Few lizards make better pets than leopard geckos (Eublepharis macularius).
They’re small, without being so diminutive that they present husbandry challenges, they’re typically docile and easy to handle, and they are easy to house.
They’re also hardy lizards, who can tolerate many of the mistakes beginning keepers make, and they’re available in myriad color and pattern variations.
In fact, many of these traits also make leopard geckos ideal for another scenario: captive breeding programs. Leopard geckos are typically very easy to breed, and they make an excellent subject for keepers interested in breeding lizards themselves.
Below, we’ll discuss the basic things you’ll need to understand to breed your leopard geckos below, from sex determination to egg incubation to neonatal husbandry.
As long as you start with healthy animals and follow the tips discussed below, you should have no trouble joining the growing ranks of leopard gecko breeders.
Sexing Leopard Geckos
Obviously, the first thing you’ll need to breed leopard geckos is at least one mixed-sex pair. This means you’ll need to learn how to determine the sex of your lizards.
There are two primary criteria you can consider when trying to distinguish male leopard geckos from female leopard geckos.
To examine either, you’ll have to begin by gently flipping your lizard upside down. Alternatively, you can place your lizard in a clear-bottomed container and then raising the container over your head.
In either case, look for the presence of two things, which indicate that the lizard in question is male:
- Twin bulges along each side of the tail base. These are caused by the lizard’s hemipenes, which are held within the tail base when not in use. Female leopard geckos do not have these bulges.
- A V-shaped row of pores between the lizard’s legs. These pores are visually distinct and quite obvious in male lizards, but they are only faintly apparent in female lizards if they can be distinguished at all. Males will often have waxy secretions emerging from the pores.
It is always easier to learn how to determine the sex of any species by examining a large number of individuals. But if that isn’t possible, you may want to consider reviewing as many photos of the relevant region as possible.
Now armed with a matched set of leopard geckos, you’re ready to initiate your breeding program.
But the first step in this process does not involve breeding the lizards at all; first, you must ensure that they are both in the best possible health and physical condition.
Breeding can be taxing for the animals involved, so it is important that the animals start in tip-top shape.
This is especially true of the female, who’s body will not only have to cope with the physical trauma of the breeding process but also the demands egg deposition will place upon her body over the course of the season.
So, this means you’ll want to spend one to three months feeding the lizards heavily. Neither should be allowed to become grossly overweight, but you want them to have full, plump looking tails. You’ll also want to be sure you’ve provided enough supplemental calcium for the female during this time.
But before you begin this part of the process, have your veterinarian examine your intended breeders and screen them for illnesses or parasites. This way, you’ll have plenty of time to address such issues before pairing your animals.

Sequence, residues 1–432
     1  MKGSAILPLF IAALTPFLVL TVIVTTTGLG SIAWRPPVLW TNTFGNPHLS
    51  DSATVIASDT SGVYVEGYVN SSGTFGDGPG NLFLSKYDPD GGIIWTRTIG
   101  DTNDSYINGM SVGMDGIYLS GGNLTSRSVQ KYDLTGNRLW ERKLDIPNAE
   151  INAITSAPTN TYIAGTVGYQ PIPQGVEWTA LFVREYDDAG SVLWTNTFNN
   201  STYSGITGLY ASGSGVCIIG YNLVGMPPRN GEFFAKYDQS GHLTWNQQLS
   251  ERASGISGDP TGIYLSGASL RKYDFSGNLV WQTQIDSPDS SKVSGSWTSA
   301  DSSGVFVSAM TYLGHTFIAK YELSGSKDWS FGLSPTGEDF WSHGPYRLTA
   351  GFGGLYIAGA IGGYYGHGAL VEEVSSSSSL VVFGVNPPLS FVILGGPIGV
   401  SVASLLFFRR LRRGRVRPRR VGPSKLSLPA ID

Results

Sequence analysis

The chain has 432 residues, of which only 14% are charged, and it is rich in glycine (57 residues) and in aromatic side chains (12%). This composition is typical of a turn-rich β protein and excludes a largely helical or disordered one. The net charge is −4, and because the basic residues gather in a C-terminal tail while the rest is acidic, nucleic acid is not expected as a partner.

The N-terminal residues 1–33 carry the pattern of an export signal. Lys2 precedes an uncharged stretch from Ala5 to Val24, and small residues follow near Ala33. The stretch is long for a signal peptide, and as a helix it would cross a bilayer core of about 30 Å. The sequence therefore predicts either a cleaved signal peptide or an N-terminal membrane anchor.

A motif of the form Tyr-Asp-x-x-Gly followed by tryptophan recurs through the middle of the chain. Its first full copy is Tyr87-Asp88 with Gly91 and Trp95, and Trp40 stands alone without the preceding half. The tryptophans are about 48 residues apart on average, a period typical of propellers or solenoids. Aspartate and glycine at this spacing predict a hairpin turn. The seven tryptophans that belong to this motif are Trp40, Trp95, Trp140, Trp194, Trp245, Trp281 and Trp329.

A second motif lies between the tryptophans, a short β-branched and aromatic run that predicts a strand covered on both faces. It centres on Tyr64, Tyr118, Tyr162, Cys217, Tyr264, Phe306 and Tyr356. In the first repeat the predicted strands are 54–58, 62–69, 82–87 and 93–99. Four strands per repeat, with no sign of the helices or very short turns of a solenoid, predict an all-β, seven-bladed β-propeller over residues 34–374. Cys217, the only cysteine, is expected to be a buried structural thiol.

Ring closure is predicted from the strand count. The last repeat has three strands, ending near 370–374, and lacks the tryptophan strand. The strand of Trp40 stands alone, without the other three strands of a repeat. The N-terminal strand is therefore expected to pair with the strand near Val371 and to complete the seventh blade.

Cycling is a process that seeks to synchronize and prime your animals for a breeding season.
It usually involves artificially creating a “winter” or “dry season,” for one to two months, and then restoring normal “spring” or “summer” temperatures, day lengths and humidity levels. A short time later, pairings can begin.
In the case of leopard geckos, this means that you must stop feeding them for about one week so they can empty their digestive tracts, and then you’ll drop their temperatures to the low-70s.
Reduce the amount of daylight your lizards receive each day if possible, and be sure that you continue to provide water at all times.
Once you’re ready to conclude the cycling period, gradually restore normal conditions over the course of a few days and begin feeding the lizards heavily again.
However, leopard gecko breeders don’t always utilize a cycling period. Some keepers simply maintain relatively constant temperatures all year long and experience good results. So, you’ll just have to decide which approach you’d like to pursue.
Once you’ve completed the cycling period and your lizards have enjoyed a week or two of normal conditions, you can begin pairing the lizards so that they can mate.
You can do so in a variety of different ways. Just be sure that your approach makes sense for your situation.
For example, some breeders pair the lizards for brief periods (lasting several hours to a full day) and then separate them again for a day or two of rest and recovery.
They’ll usually repeat this process throughout the breeding season, to ensure all clutches deposited by the female are fertile.
Other breeders simply leave their lizards in the same enclosure for the duration of the breeding season.
Some even maintain their lizards together all year long. As with the issue of cycling, you’ll simply have to decide which approach you’d like to embrace.
You’ll want to add an egg deposition container to the female’s habitat within about one week of the initial pairings.
A small plastic container works well, just cut a 2-inch-diameter hole in the lid to provide the lizard with access to the interior. Inside the container, add several inches of slightly damp (not wet) potting soil or vermiculite.
When ready, the female will crawl into the container and deposit two relatively large eggs. She’ll usually bury them, and then exit the chamber to drink water and rest.
She’ll continue to produce a new clutch once every two to three weeks, for the duration of the breeding season.
It is a good idea to pay special attention to the female following each clutch. Make sure she has water and a dish of calcium supplement powder available at all times and feed her heavily so that she can replenish her fat stores.
Once your female leopard gecko has deposited her eggs, you’ll need to retrieve them from the egg deposition chamber and transfer them to an incubator.
You can purchase an incubator or make one yourself – just be sure that it is capable of holding a consistent temperature for the duration of the incubation period.